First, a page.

For best time in wild, plan for the worst
Trainer offers tips on how to survive a plunge into the deep
In 30 years of survival training around the world, the closest Peter Kummerfeldt came to dying was in the surf on the Tillamook bar.
During an Air Force seashore survival program some years back Ñ and against Coast Guard advice Ñ he and six students jumped into fearsome surf and almost drowned.
'The Coast Guard said the surf's too high and the current's too strong, but my boss said, 'Over the side,' and like dummies we jumped,' he says.
Kummerfeldt landed in his one-man raft, but a wave punched him through the bottom of the raft and tore his survival suit. In the 50-degree water he knew he was in trouble. The Coast Guard picked up the others, but Kummerfeldt was swept into the surf.
'It was like being in a giant washing machine,' he recalls. 'I was scraped across the bottom, totally hypothermic, beyond my ability to do anything to save myself. The good Lord intervened and washed me up on shore.'
One of the results of his experience was that Kummerfeldt went on to found the Survival Consultant Group and OutdoorSafe in 1992. He'll be in Portland teaching survival classes this week at the Pacific Northwest Sportsmen's Show.
Kummerfeldt, 57, spent 30 years teaching in the Air Force and since then has expanded his expertise to include travel safety, especially in the Third World, where American tourists may be regarded as cash cows.
His outdoor skills range from jungle to arctic conditions, but he'll concentrate on boating safety in one of his classes at the show because it's an ever-present issue in the Northwest.
'People go out across the Columbia River bar in blissful ignorance,' he says. 'Safety isn't rocket science; you need to acknowledge the possibility you could get into trouble.'
Boating accidents happen terribly fast, Kummerfeldt says; cold water is disabling, and the gasp reflex can cause people to suck in seawater and panic. 'And if you add the complication of getting out of a capsizing boat,' Kummerfeldt says, 'well, it's not a pretty picture.'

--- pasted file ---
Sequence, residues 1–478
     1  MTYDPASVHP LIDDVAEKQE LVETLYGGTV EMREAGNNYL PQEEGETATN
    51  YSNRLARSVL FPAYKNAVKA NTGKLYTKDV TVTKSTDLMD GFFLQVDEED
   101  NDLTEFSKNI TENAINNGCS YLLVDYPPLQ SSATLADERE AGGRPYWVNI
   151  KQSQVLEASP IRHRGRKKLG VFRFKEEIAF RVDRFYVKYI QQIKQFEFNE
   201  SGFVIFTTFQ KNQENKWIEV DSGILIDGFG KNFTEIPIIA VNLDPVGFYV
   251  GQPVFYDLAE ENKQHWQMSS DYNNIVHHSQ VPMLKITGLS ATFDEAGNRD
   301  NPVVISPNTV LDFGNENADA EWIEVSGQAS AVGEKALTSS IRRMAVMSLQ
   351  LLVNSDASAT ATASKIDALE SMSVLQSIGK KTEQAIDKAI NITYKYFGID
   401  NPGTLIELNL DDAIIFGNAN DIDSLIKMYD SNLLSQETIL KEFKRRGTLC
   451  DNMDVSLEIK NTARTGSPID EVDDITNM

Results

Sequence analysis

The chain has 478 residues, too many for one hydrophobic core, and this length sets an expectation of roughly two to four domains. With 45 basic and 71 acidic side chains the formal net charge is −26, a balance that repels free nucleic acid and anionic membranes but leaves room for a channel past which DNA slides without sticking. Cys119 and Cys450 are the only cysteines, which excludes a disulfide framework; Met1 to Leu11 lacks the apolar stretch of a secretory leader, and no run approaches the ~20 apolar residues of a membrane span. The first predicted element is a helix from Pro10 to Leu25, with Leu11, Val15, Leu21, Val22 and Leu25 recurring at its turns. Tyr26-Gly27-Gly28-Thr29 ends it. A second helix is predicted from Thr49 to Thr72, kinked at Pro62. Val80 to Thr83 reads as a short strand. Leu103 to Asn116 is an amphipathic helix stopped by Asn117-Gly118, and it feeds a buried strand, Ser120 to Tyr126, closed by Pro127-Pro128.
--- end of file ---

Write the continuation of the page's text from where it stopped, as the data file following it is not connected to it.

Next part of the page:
But he has some advice:
• Plan for the worst-case scenario. Stop before you get aboard ship and think: What can go wrong, and what can I do about it?
• Give thought to emergency equipment, life jackets and survival suits. Where are they, and can you get to them quickly? Go through a drill with people who haven't been on your boat before so they know where everything is.
• Buy equipment that will help rescuers find you Ñ flares, beacons, sea markers (brightly colored floating plastic sheets that open up to 25 feet long) and laser signal devices that will reach 20 miles. Consider buying a life jacket with signaling devices built into the pockets. A good one costs about $180 Ñ what's your life worth?
• Panic is a killer. If you can't keep your wits about you despite all the flotation devices and drills, the gear and practice may be for naught.
In an emergency, 10 percent to 15 percent of people will typically know what to do, 75 percent can be told, and 10 percent to 15 percent will do the wrong things. People who have never thought about what to do in an emergency may go completely to pieces or sit there numb and have to be saved by somebody else.
• Don't count on anybody to help you. Kids depend on Dad, and he may be a macho outdoorsman, but if he drowns and they're left to their own skills, it can be catastrophic. Kids should be taught how to run the boat, know where everything is, how to use signal mirrors and so on.
Kummerfeldt's hero is British explorer Sir Ernest Shackleton, who never lost a man in all his polar expeditions Ñ including crossing 900 miles of the Antarctic Ocean in an open boat.
Kummerfeldt says the one factor that gets people past the point where they could die is the desire to be reunited with loved ones.
'I recommend people carry a small picture of people they want to be back with. People who don't have that mental image don't have anything to live for. They can have all the training all the equipment and no spark.'
As for the 'Survivor' TV shows, Kummerfeldt calls them 'absolute rubbish.'
'There's absolutely no connection with a true survival situation,' he says.